Scottish National Dictionary (1700–)

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BANDWIN, BAN'-WIN, BAND-ONE, BANDOON, n. A band of three to eight reapers served by one bandster. Per. c.1850 W. Robertson in Harp of Perthsh. (ed. R. Ford 1893) 330:
The maiden wha shore in the bandwin wi' me.
Wgt. 1804 R. Couper Poems I. 162:
Syne sagely he, and right erect, Ahint the ban'-win stands.
Rxb. 1918 Kelso Chron. (13 Sept.) 2/6:
The Chronicle was asking about a band-one in the auld harvest field. . . . A band-one means two rigs with five folk — four shearers and the man who binds the sheaves and puts them in stooks.
ne., centr.Rxb. 1923 Watson W.-B. 47:
Bandwin. A band of (usually four) shearers and a bandster. Also bandoon (s[outh]).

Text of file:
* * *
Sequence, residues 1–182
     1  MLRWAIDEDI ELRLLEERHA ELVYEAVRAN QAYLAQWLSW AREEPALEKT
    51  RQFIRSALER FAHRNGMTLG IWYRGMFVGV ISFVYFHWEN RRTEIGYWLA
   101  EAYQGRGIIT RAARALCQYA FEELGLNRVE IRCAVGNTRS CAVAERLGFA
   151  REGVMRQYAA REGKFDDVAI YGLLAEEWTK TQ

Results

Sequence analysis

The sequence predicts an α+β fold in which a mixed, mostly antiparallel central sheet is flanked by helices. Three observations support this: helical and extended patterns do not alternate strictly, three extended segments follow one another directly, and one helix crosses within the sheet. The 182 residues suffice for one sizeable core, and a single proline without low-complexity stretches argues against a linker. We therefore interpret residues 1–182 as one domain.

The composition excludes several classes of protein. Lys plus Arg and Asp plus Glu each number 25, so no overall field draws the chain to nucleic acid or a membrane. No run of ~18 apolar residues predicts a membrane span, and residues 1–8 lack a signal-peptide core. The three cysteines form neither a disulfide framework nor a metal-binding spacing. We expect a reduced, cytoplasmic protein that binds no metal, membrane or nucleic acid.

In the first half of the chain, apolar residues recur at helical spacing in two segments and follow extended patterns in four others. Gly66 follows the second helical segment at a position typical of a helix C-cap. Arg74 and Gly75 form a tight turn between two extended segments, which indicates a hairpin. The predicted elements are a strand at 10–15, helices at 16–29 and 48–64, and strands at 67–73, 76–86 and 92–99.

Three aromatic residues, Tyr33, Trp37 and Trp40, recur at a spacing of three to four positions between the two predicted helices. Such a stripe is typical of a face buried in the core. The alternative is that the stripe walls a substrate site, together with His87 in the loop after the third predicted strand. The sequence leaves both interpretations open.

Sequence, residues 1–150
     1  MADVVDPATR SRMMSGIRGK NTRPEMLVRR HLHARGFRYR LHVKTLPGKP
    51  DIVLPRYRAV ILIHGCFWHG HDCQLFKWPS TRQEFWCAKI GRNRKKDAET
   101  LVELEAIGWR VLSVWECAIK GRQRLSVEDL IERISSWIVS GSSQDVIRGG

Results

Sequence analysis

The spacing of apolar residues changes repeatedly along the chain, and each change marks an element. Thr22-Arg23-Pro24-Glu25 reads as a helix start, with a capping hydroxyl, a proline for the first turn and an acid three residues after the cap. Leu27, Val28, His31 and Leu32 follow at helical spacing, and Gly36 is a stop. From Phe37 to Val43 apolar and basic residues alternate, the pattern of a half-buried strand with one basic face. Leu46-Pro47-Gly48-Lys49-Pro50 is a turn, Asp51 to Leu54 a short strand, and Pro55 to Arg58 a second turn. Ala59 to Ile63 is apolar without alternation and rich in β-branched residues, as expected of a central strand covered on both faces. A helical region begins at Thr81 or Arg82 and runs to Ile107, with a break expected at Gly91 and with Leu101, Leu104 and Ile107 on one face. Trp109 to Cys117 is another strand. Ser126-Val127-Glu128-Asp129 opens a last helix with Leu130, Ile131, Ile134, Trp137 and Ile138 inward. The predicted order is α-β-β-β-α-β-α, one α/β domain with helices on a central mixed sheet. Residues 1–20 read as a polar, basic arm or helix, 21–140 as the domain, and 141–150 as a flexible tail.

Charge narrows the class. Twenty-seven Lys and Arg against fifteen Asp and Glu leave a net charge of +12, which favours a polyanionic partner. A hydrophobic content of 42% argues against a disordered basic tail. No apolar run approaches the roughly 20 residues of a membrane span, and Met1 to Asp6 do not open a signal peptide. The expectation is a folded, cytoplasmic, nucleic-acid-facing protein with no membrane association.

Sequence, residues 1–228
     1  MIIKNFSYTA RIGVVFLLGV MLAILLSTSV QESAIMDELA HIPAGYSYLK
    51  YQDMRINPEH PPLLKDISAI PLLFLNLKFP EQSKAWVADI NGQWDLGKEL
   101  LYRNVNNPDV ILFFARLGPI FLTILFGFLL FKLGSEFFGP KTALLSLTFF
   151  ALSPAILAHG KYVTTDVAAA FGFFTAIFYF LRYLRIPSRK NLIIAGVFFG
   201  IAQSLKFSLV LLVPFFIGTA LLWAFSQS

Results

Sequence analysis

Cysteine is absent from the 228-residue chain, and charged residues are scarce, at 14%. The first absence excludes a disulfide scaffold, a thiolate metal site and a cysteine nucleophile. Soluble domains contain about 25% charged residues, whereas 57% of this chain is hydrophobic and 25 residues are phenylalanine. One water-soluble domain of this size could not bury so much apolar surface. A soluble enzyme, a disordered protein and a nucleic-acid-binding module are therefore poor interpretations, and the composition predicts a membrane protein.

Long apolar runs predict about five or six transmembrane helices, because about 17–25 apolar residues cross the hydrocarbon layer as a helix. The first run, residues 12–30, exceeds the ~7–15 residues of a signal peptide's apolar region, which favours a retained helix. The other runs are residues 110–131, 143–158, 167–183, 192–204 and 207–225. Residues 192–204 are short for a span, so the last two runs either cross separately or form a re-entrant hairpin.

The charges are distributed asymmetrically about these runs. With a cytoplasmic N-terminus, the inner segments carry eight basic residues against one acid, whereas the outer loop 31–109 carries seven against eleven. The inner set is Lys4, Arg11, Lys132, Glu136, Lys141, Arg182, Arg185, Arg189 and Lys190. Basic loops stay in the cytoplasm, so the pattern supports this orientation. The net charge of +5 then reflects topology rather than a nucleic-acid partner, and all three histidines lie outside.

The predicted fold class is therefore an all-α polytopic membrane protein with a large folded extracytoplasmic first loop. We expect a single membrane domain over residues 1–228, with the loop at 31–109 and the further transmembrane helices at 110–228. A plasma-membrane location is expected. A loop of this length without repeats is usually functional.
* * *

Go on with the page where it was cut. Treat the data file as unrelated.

[Band, n.3 + Win, q.v., a quantity of standing corn that a band of reapers can cut. The group of reapers who worked on the same rig. Found in O.Sc. 1642 Abd. Sheriff Court III. 37: “Ane bandwinn of huiks ane day in harvest yeirlie.”]

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"Bandwin n.". Dictionary of the Scots Language. 2004. Scottish Language Dictionaries Ltd. Accessed 19 Oct 2021 <>



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